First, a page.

|Family History on the Go Using Phones and Tablet AppsWant to build your family tree, but don’t have time to sit down at the computer? Rhonna Farrer (@RhonnaFarrer) and Crystal Beutler share how to use your tablet and phone to build your family tree, research genealogy, create a digital scrapbook, and keep a journal while on the go.|
|How to Turn Your Tablet (or Smart Phone) into a Genealogy PowerhouseNo stranger to helping aspiring family historians learn on the go, Genealogy Gems podcast host Lisa Louise Cooke (@lisacooke) shares the apps she recommends to build a family tree and conduct research right from your tablet or smart phone!|
|30 Pieces of Tech I Can't Live WithoutWhat tips and tricks do expert genealogists have up their sleeves? Learn the technology, online subscriptions, and gadgets Genealogy Roadshow’s host D. Joshua Taylor (@djoshuataylor) uses to research ancestors and solve family mysteries.Watch live: Thursday, Feb. 12 at 11:00am MST|
|APIs 101: What Are They, and What Do They Have to Do with Genealogy?APIs are 3rd party applications that make it easier for you to access information from your favorite genealogy resources. In this session, librarian and genealogist Colleen Greene (@colleengreene) gives an intro to the APIs, web services, and mashups that can help you with your family tree.|
Start Your Search:
|Map My AncestorsImagine walking the same street your ancestor did over 200 years ago. In many major cities, street names have changed and finding where an ancestor lived can be difficult. In this session, genealogical researcher A. C. Ivory (@acivory) shares the maps and other genealogical records he used to find his ancestors' homes in the early 1800s and shares his tips on how to locate your own ancestors.|
|Getting Started in Genetic GenealogyMany family historians are now turning to DNA testing to verify ancestral connections or uncover geographical origins. In this session, Diahan Southard (@DNAdiahan), Genealogy Gems’ DNA expert, explains the basics of genetic genealogy and clarifies what DNA testing can (and can’t) reveal about your heritage.Watch live:|
|Finding the Living among the Dead: Using the Internet to Find Your Living CousinsCould a hidden relative be a phone call or email away? Amy Archibald will help you learn how to use clues in family trees and obituaries to find your living relatives. She’ll also share online tools and resources that will help you connect.Attend at RootsTech: Thursday Feb. 12 at 4:30pm MSTWatch on RootsTech.org: Saturday, Feb. 14 at 10:30 am MST|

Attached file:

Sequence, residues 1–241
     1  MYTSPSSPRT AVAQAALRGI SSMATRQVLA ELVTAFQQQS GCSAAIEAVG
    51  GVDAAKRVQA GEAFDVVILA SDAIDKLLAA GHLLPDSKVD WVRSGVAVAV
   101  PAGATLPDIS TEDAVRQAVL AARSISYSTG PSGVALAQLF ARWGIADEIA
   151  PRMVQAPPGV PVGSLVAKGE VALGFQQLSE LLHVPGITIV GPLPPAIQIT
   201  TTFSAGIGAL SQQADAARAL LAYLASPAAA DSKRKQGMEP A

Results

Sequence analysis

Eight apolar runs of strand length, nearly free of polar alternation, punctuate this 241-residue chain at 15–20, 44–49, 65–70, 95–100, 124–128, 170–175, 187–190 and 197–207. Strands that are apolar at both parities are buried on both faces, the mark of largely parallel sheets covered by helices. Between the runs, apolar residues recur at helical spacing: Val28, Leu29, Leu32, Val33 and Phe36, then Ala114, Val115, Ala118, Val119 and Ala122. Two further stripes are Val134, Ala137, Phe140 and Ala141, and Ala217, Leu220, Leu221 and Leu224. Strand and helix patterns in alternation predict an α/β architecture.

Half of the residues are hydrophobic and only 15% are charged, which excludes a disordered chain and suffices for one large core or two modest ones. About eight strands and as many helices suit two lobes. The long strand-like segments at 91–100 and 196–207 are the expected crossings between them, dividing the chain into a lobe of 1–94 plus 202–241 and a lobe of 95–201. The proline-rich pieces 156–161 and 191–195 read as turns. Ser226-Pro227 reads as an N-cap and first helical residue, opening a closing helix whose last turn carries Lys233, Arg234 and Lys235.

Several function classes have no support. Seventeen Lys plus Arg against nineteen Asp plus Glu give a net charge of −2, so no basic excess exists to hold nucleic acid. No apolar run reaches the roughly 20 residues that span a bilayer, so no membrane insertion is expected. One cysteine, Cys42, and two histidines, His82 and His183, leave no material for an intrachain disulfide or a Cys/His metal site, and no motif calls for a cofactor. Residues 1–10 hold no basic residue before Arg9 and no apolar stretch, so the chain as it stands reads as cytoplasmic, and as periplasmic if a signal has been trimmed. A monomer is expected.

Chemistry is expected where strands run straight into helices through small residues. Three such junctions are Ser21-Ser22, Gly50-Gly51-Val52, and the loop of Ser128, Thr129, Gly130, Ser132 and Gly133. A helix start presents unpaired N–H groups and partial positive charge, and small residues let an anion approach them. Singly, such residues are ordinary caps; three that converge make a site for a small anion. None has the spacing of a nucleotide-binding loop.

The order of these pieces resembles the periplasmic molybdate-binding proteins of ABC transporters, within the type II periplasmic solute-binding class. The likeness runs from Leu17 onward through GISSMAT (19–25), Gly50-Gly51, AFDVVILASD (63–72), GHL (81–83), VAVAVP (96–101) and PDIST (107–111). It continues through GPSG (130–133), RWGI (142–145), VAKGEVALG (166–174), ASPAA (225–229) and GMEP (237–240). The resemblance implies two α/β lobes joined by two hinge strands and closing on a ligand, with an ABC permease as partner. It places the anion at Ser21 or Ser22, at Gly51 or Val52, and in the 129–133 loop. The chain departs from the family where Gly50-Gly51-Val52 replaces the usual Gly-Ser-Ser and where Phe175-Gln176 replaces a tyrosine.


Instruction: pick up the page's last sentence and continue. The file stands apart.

Dive into Your Ancestry:
|Essential Online Resources for African American Genealogy ResearchDue to scarcity of records kept before the Civil War, African Americans often face unique challenges researching their family history. Discover the online resources Angela Walton Raji (@aywalton), founding member of AfriGeneas.com, considers essential for learning about your ancestors.|
|The “Other Side” of Jewish Genealogy: Sephardic ResearchAlthough many family historians are familiar with Ashkenazi Jews from Eastern Europe, research and resources related to the "other side" of Jewish genealogy, Sephardic Jews from Spain, Portugal and the Mediterranean, are very different. In this session, journalist and genealogist Schelly Talalay Dardashti (@tracingthetribe) shares wide-ranging resources to help you learn about Sephardic Jewish heritage, including migration, traditions, languages, country and Internet resources.|
|Back to Your French AncestorsWant to trace your ancestors back to France? Laurent Monpouet (@geneanetdotorg) of international collaborative genealogy website GeneaNet shares the sources and techniques that will help you learn about your French ancestry.|
|Lost Cousins Downunder?In the 19th and 20th centuries, families emigrating out of Britain and Europe often split up, with half moving to North America and half to Australia. Join Australian ancestor hunter Jill Ball (@geniaus) as she explains online resources you can use to find long-lost relatives in the southern hemisphere.|
|21st-Century Italian GenealogyMore than four million Italians immigrated to the U.S. by the early part of the 20th In this session, casting director and genealogy enthusiast Michael Cassara (@michaelcassara) will share how to use FamilySearch and other resources to learn more about your Italian roots.|
What are you looking forward to learning at RootsTech to help you make a family tree? Let us know in the comments, and share whether you’ll join us in Salt Lake City or if you’ll be watching online.